Shining Island [European premiere]
Knoxville: Summer of 1915
Second Sonata for Strings
Appalachian Spring – Suite [original scoring]
Emma Pearson (soprano)
Reviewed by: Andrew Morris
Reviewed: 9 July, 2011
Venue: Jerwood Hall, LSO St Luke’s, London
The Jabiru is an Australian bird, somewhat resembling a stork, and the name certainly proved appropriate given Sculthorpe’s tendency to incorporate birdcalls into his music, most clearly heard in Shining Island, composed by Sculthorpe as a tribute to the Polish composer Henryk Górecki, who died last year. Sculthorpe met Górecki at a music festival and was amused by his pessimism; Górecki retorted to Sculthorpe’s optimism by saying “it’s alright for you, coming from that big white shining island, Australia.” Sculthorpe’s musical homage transforms a very Góreckian trudging tread into a more hopeful vision of chirruping birds and gentle contentment. The two brief pieces that preceded Shining Island demonstrate Sculthorpe’s delicate attention to detail. Small Town ornaments a light and easygoing melody with intimations of darker currents, supplied by rumblings from the percussion and from the slender selection of brass instruments. Djilile presages the initial gloom of Shining Island with plaintive tone and string-based repetitions. These are attractive and intriguing works, but tentative playing from the strings suggested a lack of rehearsal and diminished the pieces’ effect.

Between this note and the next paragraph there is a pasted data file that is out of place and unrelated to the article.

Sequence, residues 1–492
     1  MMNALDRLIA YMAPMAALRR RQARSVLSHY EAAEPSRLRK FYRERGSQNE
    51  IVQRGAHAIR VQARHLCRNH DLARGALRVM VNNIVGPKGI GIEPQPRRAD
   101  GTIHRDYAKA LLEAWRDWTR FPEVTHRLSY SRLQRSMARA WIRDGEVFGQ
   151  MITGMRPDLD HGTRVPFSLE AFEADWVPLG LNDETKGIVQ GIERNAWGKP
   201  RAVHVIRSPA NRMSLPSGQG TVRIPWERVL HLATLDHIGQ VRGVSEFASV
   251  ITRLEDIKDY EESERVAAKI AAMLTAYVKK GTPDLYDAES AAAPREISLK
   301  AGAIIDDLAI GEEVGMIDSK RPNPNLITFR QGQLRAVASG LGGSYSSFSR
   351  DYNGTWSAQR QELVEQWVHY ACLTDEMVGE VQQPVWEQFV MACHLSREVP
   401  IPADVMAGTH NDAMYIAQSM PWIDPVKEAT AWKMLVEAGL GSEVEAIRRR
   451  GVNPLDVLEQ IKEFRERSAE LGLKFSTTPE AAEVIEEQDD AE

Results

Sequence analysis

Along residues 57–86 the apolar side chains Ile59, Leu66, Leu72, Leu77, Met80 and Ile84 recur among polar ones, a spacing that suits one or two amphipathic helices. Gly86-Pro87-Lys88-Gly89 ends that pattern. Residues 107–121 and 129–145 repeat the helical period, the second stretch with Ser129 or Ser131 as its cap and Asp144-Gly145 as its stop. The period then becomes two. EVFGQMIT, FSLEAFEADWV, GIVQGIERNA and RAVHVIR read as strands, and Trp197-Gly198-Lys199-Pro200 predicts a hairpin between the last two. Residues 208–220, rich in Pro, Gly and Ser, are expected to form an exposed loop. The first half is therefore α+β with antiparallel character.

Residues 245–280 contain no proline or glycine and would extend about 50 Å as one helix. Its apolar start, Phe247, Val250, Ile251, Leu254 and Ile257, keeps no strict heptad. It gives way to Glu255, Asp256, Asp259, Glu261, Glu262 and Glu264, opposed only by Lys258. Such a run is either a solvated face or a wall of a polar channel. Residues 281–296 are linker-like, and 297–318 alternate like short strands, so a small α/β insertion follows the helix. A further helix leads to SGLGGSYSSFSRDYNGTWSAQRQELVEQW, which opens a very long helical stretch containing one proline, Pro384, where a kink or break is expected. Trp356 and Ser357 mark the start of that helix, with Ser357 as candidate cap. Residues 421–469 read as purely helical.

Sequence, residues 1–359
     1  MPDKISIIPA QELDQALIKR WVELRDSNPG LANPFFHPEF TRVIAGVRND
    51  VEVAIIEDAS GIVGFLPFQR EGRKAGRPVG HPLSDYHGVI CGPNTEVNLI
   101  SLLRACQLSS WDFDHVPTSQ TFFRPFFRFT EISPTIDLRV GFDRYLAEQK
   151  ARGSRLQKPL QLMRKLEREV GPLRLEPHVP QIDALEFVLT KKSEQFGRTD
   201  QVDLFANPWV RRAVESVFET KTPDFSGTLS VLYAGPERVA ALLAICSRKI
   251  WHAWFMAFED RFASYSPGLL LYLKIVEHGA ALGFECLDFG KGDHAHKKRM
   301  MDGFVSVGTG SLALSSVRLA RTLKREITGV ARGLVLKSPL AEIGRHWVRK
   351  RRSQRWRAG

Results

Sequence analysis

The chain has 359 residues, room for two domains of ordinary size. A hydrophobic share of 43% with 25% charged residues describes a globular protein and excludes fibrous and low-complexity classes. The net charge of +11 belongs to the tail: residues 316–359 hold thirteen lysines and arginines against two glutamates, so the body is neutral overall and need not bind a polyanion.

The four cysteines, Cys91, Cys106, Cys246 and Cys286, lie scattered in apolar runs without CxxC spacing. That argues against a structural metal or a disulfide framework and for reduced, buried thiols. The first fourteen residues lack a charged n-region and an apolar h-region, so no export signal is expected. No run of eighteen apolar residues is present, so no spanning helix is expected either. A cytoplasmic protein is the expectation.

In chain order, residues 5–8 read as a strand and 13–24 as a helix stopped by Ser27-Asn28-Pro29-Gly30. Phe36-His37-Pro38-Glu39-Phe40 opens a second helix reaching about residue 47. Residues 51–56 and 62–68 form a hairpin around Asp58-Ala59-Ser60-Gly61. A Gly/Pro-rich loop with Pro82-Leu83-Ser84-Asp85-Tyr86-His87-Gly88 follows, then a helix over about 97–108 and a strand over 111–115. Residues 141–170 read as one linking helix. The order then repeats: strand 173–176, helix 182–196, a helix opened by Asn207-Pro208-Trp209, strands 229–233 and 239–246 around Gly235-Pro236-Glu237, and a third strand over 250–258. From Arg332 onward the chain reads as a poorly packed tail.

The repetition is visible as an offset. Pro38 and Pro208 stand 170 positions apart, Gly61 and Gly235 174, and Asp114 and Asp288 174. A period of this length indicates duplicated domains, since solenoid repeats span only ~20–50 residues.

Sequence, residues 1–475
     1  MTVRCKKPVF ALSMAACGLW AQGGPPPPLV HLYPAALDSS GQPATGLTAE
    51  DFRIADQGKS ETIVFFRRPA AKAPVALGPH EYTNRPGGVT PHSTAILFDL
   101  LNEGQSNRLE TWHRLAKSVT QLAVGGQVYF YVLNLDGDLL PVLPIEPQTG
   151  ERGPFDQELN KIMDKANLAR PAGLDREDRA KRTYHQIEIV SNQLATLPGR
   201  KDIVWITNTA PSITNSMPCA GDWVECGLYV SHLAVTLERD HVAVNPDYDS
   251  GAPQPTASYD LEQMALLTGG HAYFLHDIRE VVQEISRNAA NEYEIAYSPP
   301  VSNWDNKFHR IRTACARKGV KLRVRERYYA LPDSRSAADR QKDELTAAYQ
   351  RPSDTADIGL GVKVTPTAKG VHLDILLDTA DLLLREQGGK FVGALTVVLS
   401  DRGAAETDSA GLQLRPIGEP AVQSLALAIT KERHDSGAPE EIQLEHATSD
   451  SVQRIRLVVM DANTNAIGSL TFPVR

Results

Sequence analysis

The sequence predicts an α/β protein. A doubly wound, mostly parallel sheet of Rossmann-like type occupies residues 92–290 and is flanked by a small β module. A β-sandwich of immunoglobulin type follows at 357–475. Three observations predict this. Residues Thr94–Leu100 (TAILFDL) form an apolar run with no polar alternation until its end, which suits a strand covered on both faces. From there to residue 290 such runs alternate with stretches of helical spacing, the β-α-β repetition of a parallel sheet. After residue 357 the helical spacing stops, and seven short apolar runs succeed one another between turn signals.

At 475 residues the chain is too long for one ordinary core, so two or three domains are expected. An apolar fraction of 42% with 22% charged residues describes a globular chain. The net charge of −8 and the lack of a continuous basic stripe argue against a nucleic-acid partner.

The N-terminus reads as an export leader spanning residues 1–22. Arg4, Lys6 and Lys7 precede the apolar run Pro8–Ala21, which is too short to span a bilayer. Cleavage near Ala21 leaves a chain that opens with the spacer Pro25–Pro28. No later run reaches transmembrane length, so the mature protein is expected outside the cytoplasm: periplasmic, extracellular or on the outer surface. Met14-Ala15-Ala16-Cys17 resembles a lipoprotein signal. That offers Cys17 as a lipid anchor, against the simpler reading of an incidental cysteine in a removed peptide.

The same was true of the performance of Sculthorpe’s Second Sonata for Strings, which alternates a hard-edged and sombre tone with rustling and dancing music more akin to Piazzolla’s tangos. This score could presumably be played by a full string orchestra, but Ruthless Jabiru could surely have found more volume from their small numbers and injected more excitement into a rarely heard work.
Barber’s Knoxville: Summer of 1915 and Copland’s ballet Appalachian Spring (in its original chamber scoring) allowed us to hear more from the ensemble’s more-extrovert wind and brass players. The nostalgic hues of Barber’s setting of James Agee’s childhood recollection are the musical equivalent of the elegiac westerns of the 1980s and early 90s, such as Michael Cimino’s studio-sinking behemoth Heaven’s Gate, or Terrance Malik’s golden-toned Days of Heaven; all beautifully lit in semi-sepia and told in a gently mournful manner that recalls a lost past that never really existed. In Emma Pearson, Knoxville had an excellent narrator: her mellow but imploring tone injected a little urgency into the performance while her clear diction rendered the text unusually vivid and she slid easily between notes, giving a pleasant flow to the work. In the Copland, though, the temperature was cool. Ruthless Jabiru proved adept at moments of calm stillness but couldn’t muster much energy for episodes of festive reverie.